Here is what I have to say:
1. The combination of balanced armature earphones and acrylic shells do not cause shouty upper treble.
2. Never trust what representatives of certain companies/technologies say about competing companies/technologies.
NOTE: My review of the FitEar ToGo!334 is at TouchMyApps. My review of the Earsonics S-EM6 is at Headfonia.
Both earphones are good. Only one is great. That is the ToGo!334. What I love most about it isn't its sound, though it is very good; it is FitEar's incessant drive for perfection. Clean shells, clean wiring, strong cables, excellent use of both acrylic and titanium in the output tubes- these are tenets of the FitEar philosophy.
The S-EM6 is more moody, has lusher vocals, and, I feel, is more suited to jazz, vocalists, folk, and certain live music. It fits less well than the ToGo!334, has fiddlier ear pieces, and isn't made to the same exacting standards. Atomistically, I vastly prefer its moodiness for certain music. The S-EM6 may not be as clean sounding in certain frequencies, but it is more fun than the ToGo!334 for certain types of music.
But holistically, if I were to slap down +1.000- USD on an earphone, it would be one that inspired me from both a sound and a build perspective. Currently, ToGo!334 is hard to find. I hear from some people that it has a waiting list. The good news is that if you ever decide to sell it, you likely can recoup all of the costs. Those are the marks of a good investment.
Certain FitEar earphones hold their value very well. But if it came down to sound preference only, I'd probably side with S-EM6. That is personal. But my favourite Earsonics is the SM64. My favourite universal of all time is probably the Grado GR10, whose beautiful shiny body and clean, yet foot-tapping sound mates well with almost every of my favourite albums. It's also a LOT less expensive than the other two options.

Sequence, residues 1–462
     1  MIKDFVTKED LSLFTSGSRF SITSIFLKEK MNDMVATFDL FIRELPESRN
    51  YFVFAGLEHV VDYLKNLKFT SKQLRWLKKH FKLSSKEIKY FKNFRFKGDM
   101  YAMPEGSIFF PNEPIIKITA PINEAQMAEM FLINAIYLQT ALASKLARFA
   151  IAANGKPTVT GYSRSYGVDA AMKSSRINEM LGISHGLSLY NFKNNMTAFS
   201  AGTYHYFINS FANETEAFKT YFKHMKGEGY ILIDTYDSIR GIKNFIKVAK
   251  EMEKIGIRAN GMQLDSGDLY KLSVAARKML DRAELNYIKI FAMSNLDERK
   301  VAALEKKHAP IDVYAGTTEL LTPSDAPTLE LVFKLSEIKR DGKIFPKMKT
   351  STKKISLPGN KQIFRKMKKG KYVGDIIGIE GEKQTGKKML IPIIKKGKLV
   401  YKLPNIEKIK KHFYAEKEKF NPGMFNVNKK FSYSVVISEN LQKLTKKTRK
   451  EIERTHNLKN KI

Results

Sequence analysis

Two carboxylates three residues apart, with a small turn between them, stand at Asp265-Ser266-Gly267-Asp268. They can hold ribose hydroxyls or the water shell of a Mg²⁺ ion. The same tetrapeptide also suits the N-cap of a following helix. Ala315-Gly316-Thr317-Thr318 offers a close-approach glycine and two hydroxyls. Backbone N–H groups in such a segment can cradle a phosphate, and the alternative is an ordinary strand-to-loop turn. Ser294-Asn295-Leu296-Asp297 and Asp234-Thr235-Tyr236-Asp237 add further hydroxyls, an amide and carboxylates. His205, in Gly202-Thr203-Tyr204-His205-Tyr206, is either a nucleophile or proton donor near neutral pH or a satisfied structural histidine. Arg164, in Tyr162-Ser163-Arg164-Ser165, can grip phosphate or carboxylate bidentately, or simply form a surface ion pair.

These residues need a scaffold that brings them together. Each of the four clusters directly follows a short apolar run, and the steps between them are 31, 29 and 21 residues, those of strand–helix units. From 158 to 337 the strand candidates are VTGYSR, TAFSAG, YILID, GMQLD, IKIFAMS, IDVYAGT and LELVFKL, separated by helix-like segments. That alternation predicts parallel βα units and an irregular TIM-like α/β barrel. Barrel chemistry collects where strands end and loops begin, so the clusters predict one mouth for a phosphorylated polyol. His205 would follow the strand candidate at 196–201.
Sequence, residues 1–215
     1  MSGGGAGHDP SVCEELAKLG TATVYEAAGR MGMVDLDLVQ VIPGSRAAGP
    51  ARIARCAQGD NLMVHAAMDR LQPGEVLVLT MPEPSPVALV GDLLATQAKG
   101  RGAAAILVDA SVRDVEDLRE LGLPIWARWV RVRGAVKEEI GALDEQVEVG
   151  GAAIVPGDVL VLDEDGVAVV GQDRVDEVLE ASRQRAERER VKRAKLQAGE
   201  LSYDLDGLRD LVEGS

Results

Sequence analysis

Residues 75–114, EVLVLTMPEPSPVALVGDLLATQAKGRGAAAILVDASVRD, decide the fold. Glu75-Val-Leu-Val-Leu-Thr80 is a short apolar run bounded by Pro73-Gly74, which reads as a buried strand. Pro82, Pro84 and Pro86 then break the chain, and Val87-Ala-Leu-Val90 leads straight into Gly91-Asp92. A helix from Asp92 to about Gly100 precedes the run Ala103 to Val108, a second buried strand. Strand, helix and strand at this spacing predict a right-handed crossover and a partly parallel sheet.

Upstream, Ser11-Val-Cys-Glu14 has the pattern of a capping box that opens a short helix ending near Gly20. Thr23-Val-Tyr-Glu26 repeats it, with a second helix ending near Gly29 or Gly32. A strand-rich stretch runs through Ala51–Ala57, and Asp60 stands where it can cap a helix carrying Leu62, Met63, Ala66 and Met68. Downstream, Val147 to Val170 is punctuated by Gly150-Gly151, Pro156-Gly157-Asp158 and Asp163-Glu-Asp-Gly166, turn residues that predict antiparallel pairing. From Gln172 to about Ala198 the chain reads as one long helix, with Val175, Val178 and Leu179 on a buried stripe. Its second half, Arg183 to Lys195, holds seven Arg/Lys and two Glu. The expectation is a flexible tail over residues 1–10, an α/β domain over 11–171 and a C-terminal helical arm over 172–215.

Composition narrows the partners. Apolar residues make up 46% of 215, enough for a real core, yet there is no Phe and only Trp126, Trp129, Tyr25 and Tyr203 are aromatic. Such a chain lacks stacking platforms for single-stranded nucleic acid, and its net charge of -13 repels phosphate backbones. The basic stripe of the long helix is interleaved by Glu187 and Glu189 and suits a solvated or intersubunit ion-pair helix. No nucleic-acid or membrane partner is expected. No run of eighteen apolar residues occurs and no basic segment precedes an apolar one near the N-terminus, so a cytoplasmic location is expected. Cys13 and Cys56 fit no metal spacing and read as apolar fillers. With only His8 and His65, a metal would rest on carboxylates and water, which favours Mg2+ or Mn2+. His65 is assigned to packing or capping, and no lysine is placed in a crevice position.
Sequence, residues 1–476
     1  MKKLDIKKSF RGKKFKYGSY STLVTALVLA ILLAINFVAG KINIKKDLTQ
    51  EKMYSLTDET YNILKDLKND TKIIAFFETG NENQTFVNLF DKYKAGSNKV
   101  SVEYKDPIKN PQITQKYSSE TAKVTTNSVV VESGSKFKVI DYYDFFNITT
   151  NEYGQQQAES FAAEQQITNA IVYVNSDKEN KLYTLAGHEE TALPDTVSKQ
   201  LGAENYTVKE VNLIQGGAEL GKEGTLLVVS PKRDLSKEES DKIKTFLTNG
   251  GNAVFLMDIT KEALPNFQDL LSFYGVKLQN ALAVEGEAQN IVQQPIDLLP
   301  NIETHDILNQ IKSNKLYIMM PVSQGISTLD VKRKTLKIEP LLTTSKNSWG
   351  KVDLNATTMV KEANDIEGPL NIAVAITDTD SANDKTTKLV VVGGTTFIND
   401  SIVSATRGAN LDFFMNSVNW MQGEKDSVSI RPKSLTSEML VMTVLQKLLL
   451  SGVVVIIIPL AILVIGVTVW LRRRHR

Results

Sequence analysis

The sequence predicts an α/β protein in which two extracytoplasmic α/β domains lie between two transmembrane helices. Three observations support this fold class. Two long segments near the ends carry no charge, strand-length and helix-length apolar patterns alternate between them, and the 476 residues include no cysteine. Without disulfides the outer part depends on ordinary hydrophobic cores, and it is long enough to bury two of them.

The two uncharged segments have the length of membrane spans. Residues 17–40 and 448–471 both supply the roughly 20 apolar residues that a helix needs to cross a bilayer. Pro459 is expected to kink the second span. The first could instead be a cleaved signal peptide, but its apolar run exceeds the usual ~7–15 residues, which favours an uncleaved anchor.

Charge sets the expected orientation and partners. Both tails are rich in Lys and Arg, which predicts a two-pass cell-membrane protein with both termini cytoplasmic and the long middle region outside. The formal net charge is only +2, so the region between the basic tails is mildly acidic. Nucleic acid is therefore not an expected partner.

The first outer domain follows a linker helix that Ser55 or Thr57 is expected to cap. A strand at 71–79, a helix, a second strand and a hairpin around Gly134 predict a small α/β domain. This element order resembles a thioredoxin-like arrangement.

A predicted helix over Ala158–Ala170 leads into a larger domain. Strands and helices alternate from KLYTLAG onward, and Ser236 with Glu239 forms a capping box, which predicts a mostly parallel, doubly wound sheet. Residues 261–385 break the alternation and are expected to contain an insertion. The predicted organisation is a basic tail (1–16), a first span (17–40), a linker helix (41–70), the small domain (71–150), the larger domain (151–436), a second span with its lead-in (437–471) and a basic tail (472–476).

As for CIEMs sounding shouty, they can. But that has nothing to do with balanced armatures. Ditto acrylic. It's part and parcel of the acoustic philosophy to which the manufacturer adheres. First: CIEM demos use universal tips for which they were not designed. Second: universal type earphones engage neither the outer nor the inner ear in the same way as customs. Demos will never sound exactly like the final products. They may, in fact, sound quite different. This is an unsolvable problem with CIEM earphones.
Finally, never take a representative of a certain company at her word. Her job is to convince you to buy the things her company make. And she will do her best to convince you that the technologies her company produce are best.
It is possible that they may be. It is just as possible that she is blowing wind up your ass.